As it happens, the facts surrounding the Wagner Group’s march to Moscow on June 24 contradict the supposed “massive support for the regime.” There was not a single demonstration in support of Putin in any Russian city when he denounced the rebellion in his message to the nation.
Many Russians did not even know what the “Wagner” was. Older people following the news on TV thought that Rostov had been captured by the Ukrainian army! And they failed to understand what a “Private Military Company” means. “What do you mean by private?” they asked.
Some veterans got entangled with the analogy made by Putin: “that Prigozhin is like Lenin, who struck from the rear of a country at war.” “He (Prigozhin) is like Lenin, he rides in an armored car, and history repeats itself,” said one who was also shocked to see and not understand the rebellion’s logic.
“If Putin wanted to restore order, he would beat Wagner!” said one worker who was perhaps speaking about the war for the first time since it began. Another colleague looked at her quietly, but said in a low voice and almost secretly, but with glee on her face, “Let them blow each other up.” An office programmer who is against the war said “it is pure theatrics to show Putin is weak.”
June 24 was a summer holiday for many. But on the subway people were constantly looking at their phones to follow the latest news updates. However, there was no fear or panic. This sense of calm among the population was in stark contrast to what the “authorities” were feeling and showing. Putin addressed the nation in an emergency speech at 10 a.m. on a Saturday morning and talked about “a military mutiny that has put Russia in danger.” There were rumors about the departure from the country of known oligarchs and the escape of high-ranking officials. There were also checkpoints and roadblocks on the outskirts of the capital. And graduation celebrations (an important event for every teenager, almost as important as a wedding) were canceled, as were all public events.
But the people followed the events not with panic, but with interest and excitement. A bricklayer builder who is a Kyrgyz immigrant remarked with a wry smile that his parents had called him to suggest that maybe he had to come back home since it was dangerous in Russia now. That said when it was not “dangerous” for him and other immigrant workers from Kyrgyzstan, Uzbekistan, and Tadzhikistan, who make up half of the working class in Russia’s big cities, as they continually suffer permanent oppression and humiliation by the state through the police and immigration authorities.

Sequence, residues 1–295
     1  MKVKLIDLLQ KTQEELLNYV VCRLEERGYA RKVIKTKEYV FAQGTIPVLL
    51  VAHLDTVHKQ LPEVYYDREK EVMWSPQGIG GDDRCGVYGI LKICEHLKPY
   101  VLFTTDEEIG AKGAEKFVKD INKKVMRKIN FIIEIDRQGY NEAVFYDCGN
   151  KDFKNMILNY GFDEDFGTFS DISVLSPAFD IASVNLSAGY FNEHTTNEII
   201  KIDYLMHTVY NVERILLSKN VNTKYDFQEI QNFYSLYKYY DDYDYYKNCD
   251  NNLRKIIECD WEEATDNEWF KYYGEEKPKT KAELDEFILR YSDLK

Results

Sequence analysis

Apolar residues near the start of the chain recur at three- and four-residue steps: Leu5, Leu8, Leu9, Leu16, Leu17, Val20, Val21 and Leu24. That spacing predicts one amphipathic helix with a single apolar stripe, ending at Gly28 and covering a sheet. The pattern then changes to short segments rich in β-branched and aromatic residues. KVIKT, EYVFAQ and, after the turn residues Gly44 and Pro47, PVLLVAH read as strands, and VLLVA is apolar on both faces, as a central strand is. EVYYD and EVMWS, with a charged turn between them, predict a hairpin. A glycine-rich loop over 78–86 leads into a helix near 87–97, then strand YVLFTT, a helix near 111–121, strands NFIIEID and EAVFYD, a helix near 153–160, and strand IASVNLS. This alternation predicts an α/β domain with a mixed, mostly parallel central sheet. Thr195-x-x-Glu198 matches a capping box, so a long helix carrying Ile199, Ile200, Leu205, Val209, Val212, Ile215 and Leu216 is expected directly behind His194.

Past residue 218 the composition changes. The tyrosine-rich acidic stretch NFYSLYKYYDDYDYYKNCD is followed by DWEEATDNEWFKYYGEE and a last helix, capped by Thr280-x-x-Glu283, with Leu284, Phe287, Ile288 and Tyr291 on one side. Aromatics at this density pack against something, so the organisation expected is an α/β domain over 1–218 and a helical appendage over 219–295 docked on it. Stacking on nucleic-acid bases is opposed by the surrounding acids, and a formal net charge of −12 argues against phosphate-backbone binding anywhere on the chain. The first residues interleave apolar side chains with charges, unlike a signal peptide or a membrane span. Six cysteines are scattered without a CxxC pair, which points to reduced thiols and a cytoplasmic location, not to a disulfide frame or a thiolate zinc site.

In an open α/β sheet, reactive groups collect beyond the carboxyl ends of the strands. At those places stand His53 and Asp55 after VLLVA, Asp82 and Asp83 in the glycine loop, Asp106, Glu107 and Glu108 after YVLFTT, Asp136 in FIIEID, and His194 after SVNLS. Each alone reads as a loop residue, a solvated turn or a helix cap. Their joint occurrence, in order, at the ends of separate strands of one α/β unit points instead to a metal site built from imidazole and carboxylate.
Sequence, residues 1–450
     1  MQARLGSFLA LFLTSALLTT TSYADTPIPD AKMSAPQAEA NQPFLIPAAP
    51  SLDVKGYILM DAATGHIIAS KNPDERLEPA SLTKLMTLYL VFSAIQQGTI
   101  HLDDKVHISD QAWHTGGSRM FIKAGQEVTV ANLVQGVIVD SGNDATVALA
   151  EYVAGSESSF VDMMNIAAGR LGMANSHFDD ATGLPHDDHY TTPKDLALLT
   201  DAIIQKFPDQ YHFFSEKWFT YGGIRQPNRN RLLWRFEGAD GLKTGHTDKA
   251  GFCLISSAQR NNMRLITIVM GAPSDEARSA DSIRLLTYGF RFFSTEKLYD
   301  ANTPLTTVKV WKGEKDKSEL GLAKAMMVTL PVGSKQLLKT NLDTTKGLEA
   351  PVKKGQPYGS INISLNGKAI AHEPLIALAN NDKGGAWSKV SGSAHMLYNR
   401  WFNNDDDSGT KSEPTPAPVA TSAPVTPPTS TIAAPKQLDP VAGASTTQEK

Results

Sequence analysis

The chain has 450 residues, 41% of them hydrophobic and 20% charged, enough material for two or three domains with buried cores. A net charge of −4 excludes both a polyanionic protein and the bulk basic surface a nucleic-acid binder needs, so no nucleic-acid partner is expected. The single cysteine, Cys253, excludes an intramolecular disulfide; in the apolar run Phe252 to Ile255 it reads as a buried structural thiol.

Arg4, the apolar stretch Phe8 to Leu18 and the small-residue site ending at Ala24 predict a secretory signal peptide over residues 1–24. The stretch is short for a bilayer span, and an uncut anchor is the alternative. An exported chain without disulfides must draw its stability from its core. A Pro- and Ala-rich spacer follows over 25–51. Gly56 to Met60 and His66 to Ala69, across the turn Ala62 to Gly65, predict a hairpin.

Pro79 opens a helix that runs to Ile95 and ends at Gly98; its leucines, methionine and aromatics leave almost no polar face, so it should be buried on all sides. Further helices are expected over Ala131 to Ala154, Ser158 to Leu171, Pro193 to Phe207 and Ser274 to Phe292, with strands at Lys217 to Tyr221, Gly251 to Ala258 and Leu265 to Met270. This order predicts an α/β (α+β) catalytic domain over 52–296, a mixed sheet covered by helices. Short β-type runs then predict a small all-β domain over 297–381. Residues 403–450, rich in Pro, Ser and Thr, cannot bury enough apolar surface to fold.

One worker, who has supported the war since the first days of the offensive, was sending memes and videos mocking the “Russian rebellion.” Retired elderly villagers, opponents of the war, learned with astonishment and distrust that the president of Belarus had intervened in the rebellion to mediate “Lukashenko? Oops, no way… What is he doing there?”
A Moscow manager, a father of three, who is sympathetic to Putin’s war, was called by his parents from another city because they were worried about how his family was doing there. He replied, “Don’t worry, we’ll hunker down at home and watch movies!”.
So we are under Putin’s dictatorship. Supporters of Putin’s war are shutting themselves in at home at the first sign of a threat to the regime. And there are opponents to the war who wished that “both Putin and Prigozhin would blow each other up.” And older people have just learned what a “private military company” is. And still others have insisted on asking: “Is Rostov a Russian or a Ukrainian city?” Then there are the young people who were robbed of their graduation celebrations, and later received a belated “greeting” from President Putin who had panicked earlier that day. And all this was happening in the midst of complaints and discontent from the majority of the population, many of whom are exhausted by their poor and routine lives.
This dictatorship is “strong” only in its repressive apparatus. And this apparatus is about to explode from within due to the stalemate of the war (and this is happening despite the fact that the Ukrainian offensive has not yet reached its full force). There is no massive support for the war. It is illusory and frantically fueled by official propaganda.
Many active supporters of the war sympathized with Prigozhin and are now extremely bitter, but they are not afraid. They saw that the rebellion was not suppressed after all. And those who still support Putin only want “stability.” In their own minds they may be “fierce” chauvinists, but in reality, they hide at home at the slightest danger. However, the most important thing is that there is a large, silent, but all-seeing stratum of people who hate the regime, who want a victory for Ukraine, and who long to prepare for the possibility of active intervention. This is how we see the situation in Russia from the inside.